Chicken Paprikash

Chicken paprikash is such an Old World staple and beloved American favorite from the 1960’s that we just had to bring it back. Chicken thighs are seared and then cooked in a tomato-onion sauce. Just before serving, sour cream is stirred in. Major comfort food. And keto, too!

A blue earthenware dish with chicken paprikash--chicken thighs in a creamy paprika sauce, on a marble counter

One night recently when I was home alone in Connecticut, I watched When Harry Met Sally, one of my all-time favorite rom-coms, for the six billionth time. There are so many scenes I love. The “I’m going to be 40” scene. The wagon-wheel coffee table scene. And the talking funny scene in the Metropolitan Museum in which Billy Crystal’s Harry decides he and Meg Ryan’s Sally should talk like an old, crotchety couple with vaguely Eastern European accents. “Waiter, there is too much pepper on my paprikash,” he encourages her to repeat. I howled, as always.

And then it dawned on me. I’ve never had chicken paprikash. I didn’t even know what chicken paprikash was. I had a general idea that it was Hungarian, involved chicken and, perhaps, paprika. But that’s where I got off the train.

Feeling a bit weepy and romantic–Oh, come on, you’d have to be a walking, empty-eyed corpse with a blackhole for a soul not to feel something watching the movie!–I decided to try my hand at chicken paprikash. After all, what better way to kick off The One’s and my month-long 25th anniversary celebration than to make a dish that a.) I’d never tasted, b.) knew nothing about, and c.) was inextricably bound up with my idea of romance?

What could go wrong?

While The One was in New York that week, I created several versions before settling on this one. It’s easy, packed with flavor, and calls for only chicken legs and thighs because, well, The One is definitely not a breast man–in more ways than one.

The night of our dinner, he set the mood by lighting candles, pouring wine, and putting on the local NPR station that plays standards on Saturdays. I brought the casserole dish and a bowl of noodles to the table. All was going well. It was going so well, in fact, that I was sure we wouldn’t make it to dessert. Feeling so connected to him on this, the kick off to our 30-day Tour of Amour, I reminded him of the movie and the sparkling banter between Harry and Sally, the celluloid parents of our menu.

He blinked.

“You do know what I’m talking about, right?” I asked.

“No,” he replied.

It was my time to blink, gobsmacked.

“You have seen When Harry Met Sally?”

“Of course,” he said. “Everyone has.”

“Exactly. And everyone remembers the ‘waiter, there’s too much pepper on my paprikash’ scene,” I said, mimicking Billy Crystal. I was convinced that if I acted it out, complete with a grumpy-man accent, I’d snap his neurons out of their torpor. Not unlike how Cher bitch slapped Nicholas Cage–not once, but twice–in Moonstruck, another favorite rom-com.

“Uh, no.”

“So this meal has no emotional resonance for you? ” I asked. “You see no clever, witty leitmotif on modern romance?

“What are you talking about? It’s just a chicken dinner.”

“Oh–you did not just say that!” I blurted, wounded to my core. I should note that The One has this annoying habit of laughing when I’m in the throes of an indignant tantrum, which only increases my umbrage.

“Well, it may be just ‘chicken’ to you, but I figured it would turn into dinner and a floor show, as we recited the lines to each other,” I said, crestfallen. “And then I’d get all pretend weepy, and you’d assure me I had a long way to go before I turned 40–”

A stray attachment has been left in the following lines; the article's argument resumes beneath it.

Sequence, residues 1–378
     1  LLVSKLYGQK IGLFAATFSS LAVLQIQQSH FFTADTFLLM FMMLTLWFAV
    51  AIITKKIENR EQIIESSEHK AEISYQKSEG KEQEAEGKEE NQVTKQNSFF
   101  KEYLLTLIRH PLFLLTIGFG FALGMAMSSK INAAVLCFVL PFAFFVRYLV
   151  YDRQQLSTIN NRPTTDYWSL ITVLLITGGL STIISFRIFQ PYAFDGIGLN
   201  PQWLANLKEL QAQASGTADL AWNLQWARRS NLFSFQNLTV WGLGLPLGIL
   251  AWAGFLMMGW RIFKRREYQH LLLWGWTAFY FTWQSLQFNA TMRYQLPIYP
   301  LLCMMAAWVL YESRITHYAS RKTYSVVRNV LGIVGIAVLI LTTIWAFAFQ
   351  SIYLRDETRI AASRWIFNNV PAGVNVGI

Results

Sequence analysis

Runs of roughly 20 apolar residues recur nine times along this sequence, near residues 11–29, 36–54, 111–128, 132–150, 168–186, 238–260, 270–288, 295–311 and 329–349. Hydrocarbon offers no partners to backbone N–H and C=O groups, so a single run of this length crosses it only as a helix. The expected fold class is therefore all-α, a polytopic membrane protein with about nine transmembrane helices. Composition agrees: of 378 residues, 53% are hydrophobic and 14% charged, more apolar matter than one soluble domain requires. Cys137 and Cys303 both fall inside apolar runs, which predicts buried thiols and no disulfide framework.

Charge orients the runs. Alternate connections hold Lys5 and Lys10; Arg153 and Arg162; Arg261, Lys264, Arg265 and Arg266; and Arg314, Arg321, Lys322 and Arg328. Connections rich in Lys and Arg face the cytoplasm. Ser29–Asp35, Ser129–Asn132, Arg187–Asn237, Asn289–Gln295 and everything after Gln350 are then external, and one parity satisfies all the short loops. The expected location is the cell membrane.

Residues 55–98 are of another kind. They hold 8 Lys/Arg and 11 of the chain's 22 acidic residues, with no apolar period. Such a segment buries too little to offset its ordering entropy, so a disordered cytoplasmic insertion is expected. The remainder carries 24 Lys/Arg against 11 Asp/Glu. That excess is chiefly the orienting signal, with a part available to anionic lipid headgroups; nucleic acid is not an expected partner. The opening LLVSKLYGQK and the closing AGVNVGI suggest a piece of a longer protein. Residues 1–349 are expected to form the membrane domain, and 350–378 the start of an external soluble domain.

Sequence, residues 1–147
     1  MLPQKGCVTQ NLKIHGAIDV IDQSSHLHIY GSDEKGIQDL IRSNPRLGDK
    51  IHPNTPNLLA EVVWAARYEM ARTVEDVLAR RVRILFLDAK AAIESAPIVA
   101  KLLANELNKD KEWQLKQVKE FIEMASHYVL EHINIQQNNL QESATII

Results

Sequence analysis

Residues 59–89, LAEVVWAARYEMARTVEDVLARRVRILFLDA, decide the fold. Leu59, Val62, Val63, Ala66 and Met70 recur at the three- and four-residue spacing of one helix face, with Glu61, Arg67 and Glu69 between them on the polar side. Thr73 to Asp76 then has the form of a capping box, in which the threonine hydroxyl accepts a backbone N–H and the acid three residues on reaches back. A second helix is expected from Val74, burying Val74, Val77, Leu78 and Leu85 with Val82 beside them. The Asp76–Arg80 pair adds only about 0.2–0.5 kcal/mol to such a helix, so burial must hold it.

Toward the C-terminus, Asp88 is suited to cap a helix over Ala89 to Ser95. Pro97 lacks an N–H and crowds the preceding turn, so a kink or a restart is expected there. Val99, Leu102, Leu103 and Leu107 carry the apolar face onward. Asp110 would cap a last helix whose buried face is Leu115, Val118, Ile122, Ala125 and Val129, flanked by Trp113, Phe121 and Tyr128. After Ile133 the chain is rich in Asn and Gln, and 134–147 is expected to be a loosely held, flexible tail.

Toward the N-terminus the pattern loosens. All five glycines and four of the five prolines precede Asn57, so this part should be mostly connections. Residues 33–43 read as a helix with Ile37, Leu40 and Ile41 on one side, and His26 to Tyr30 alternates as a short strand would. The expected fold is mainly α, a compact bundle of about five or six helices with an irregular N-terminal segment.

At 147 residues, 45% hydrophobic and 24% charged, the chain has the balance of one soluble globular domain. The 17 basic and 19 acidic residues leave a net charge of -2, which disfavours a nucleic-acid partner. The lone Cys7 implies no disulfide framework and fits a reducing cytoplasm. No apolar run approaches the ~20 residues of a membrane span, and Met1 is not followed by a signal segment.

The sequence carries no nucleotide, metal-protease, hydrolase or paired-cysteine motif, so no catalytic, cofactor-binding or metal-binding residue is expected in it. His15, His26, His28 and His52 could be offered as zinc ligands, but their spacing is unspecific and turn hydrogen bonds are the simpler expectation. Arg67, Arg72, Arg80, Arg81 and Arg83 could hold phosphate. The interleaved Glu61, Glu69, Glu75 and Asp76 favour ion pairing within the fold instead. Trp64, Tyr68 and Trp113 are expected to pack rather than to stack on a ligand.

“But, David, you’re 59.”

“See! If you had remembered the movie, you would have known why that would have been hilarious. And for the record, I’m 58.”

Due to the impressive strides I’m making in therapy, which I call Lady Edith’s School for Young Men of Impeccable Character, I deigned to overlook The One’s appalling lack of homosexual pop-culture knowledge (sometimes I wonder if he’s even gay). Instead I did that ghastly thing mature people are supposed to do: Let him be him. I decided to accept the fact that he prefers to see movies only once; is happy not to open a gift the moment I give it to him, even if it’s days before his birthday or our anniversary; has the worst gaydar in all of Gaydom, and, most offending of all–doesn’t see the need to get hitched. “We’re about as married as a married couple can be,” is his standard reply. So there goes the big, expensive, over-the-top ceremony and The New York Times wedding notice. A boy can dream, can’t he?

But one thing is absolutely non-negotiable: During October, our celebration month, we are going to sit in front of the TV watching When Harry Met Sally and eating chicken paprikash. And when it’s time to talk like two old cranky Jewish men, I’m going to pause the movie and make his repeat after me, “Waiter, there is too much pepper on my paprikash.” Sometimes, you got to get the romance any way you can.

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Chicken Paprikash--chicken legs and thighs in a creamy tomato-paprika sauce

When Harry Met Sally Chicken Paprikash

I find it easier in the cooler months to use canned tomatoes. But if you’re so inclined to use fresh tomatoes, cook them down a bit more to release some of the liquid and use less water.–David Leite

Chicken Paprikash

  • Quick Glance
  • (8)
  • 35 M
  • 1 H, 15 M
  • Serves 4 to 6
5/5 - 8 reviews
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  • For the chicken paprikash
  • To serve


Adjust the oven rack to the middle position and preheat the oven to 350°F (175°C).

Pat the chicken dry with paper towels and generously season it on all sides with salt and pepper.

In an ovenproof skillet large enough to hold the chicken in a single layer, melt 2 tablespoons of butter over medium-high heat. Working in batches, add the chicken, skin-side down, and cook until deeply golden brown and crisp, 8 to 10 minutes. (Don’t skimp on this step.) Flip and sear until the chicken is golden brown but not cooked through, 5 to 6 minutes more. Transfer the chicken to a plate.